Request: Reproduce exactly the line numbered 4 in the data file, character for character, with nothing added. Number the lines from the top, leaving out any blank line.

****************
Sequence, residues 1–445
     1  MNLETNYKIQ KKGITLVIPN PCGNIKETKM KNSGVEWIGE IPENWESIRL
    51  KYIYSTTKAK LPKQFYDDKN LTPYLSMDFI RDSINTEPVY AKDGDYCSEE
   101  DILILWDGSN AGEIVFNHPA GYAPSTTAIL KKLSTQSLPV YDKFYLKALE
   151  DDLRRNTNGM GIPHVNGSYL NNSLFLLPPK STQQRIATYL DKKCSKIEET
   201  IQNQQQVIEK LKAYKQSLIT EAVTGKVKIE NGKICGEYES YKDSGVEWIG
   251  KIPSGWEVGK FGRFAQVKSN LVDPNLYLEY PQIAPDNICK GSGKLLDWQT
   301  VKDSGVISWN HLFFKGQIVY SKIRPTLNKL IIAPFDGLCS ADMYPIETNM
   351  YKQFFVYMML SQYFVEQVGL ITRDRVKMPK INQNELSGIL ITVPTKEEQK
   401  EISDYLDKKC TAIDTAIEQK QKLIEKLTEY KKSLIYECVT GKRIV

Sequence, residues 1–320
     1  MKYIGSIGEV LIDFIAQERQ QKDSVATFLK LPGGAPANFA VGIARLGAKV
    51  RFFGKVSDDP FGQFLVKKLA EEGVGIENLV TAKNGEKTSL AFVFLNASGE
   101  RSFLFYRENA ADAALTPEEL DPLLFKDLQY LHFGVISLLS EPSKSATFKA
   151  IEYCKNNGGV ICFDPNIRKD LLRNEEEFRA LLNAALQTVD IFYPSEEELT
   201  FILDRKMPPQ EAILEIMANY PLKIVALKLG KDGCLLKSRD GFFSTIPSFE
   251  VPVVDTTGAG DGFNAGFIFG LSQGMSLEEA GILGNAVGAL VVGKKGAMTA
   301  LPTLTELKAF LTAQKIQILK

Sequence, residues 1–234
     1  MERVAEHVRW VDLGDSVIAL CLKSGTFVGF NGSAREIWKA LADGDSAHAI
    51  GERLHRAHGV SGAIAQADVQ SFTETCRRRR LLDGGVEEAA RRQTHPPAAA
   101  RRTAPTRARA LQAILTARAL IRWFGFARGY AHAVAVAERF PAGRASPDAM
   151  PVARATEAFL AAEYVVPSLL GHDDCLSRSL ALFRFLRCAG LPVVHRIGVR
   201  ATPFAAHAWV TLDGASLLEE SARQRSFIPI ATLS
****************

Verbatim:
   101  DILILWDGSN AGEIVFNHPA GYAPSTTAIL KKLSTQSLPV YDKFYLKALE